Manufactured for Fox Film Corporation, Fort Lee, New Jersey or Hollywood, California            1915-1935

Although unconfirmed, this is believed to be a film cement well, made for the Fox Film Corporation, predecessor to 20th Century Fox.


Fox Film Corporation was formed on February 1, 1915, with their first studio being built in Fort Lee, New Jersey.  In 1917, Fox established their Hollywood, California studio, beginning their migration westward like other filmmakers in pursuit of better weather conditions for year-round motion picture production.  William Fox lost control of his company after the Stock Market Crash of 1929, and the Fox Film Corporation would merge with Twentieth Century Pictures to become 20th Century Fox in 1935.

Some have suggested this to be a pipe flange or a post support.  But it has no threading, mounting holes or other fixtures to suggest it would secure and/or retain a pipe or cylindrical rod.  Taking the assumption that it's a well, it would have been used to either fill with film cement, or to secure a bottle of film cement (or possibly another chemical) from tipping over as motion picture film was being cut and spliced. Constructed of cast iron, it weighs exactly 2 lbs. and 1 oz., with a 1/2" thick base measuring 4" in diameter.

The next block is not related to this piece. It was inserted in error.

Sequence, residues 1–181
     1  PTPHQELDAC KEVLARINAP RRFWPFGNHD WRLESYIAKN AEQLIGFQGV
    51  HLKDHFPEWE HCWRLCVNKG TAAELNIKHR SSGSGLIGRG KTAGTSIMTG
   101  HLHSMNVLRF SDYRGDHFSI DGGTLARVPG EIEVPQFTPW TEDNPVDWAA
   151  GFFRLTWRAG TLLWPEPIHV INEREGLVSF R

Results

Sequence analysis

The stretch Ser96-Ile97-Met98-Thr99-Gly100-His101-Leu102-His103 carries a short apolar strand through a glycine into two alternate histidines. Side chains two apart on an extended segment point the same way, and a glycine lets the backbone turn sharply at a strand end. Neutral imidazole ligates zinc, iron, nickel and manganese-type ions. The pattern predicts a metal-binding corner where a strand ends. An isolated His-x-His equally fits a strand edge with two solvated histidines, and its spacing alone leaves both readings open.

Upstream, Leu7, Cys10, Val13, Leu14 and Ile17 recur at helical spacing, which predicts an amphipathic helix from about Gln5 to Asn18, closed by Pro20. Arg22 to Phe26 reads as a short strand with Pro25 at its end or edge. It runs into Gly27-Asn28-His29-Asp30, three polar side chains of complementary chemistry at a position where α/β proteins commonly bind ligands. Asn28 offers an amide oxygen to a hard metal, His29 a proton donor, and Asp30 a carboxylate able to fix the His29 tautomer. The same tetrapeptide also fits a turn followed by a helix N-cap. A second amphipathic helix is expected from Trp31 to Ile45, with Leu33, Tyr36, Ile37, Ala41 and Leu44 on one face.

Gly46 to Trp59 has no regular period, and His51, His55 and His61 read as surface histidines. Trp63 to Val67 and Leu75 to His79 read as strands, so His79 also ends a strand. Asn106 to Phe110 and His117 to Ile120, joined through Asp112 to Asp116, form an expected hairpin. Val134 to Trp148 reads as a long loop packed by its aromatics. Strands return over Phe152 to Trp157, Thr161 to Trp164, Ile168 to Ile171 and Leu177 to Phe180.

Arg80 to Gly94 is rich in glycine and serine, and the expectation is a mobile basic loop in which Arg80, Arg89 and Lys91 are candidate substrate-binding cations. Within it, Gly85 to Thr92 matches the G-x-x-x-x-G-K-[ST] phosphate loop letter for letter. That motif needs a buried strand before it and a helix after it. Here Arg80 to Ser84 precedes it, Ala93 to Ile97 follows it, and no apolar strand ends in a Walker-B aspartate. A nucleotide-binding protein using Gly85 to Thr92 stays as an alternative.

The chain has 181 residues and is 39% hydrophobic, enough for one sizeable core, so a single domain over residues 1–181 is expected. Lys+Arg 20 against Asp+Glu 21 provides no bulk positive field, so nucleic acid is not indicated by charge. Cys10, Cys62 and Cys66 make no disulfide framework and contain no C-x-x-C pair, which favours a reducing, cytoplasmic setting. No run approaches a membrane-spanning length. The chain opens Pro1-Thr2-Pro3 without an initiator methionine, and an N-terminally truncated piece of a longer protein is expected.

Whether it ultimately proves to be a film cement well or something entirely different, it performed some significant function for the Fox Film Corporation, significant enough to warrant the company's name being cast into it.

A rather unique (and mysterious) piece of memorabilia from the "golden age" of motion pictures.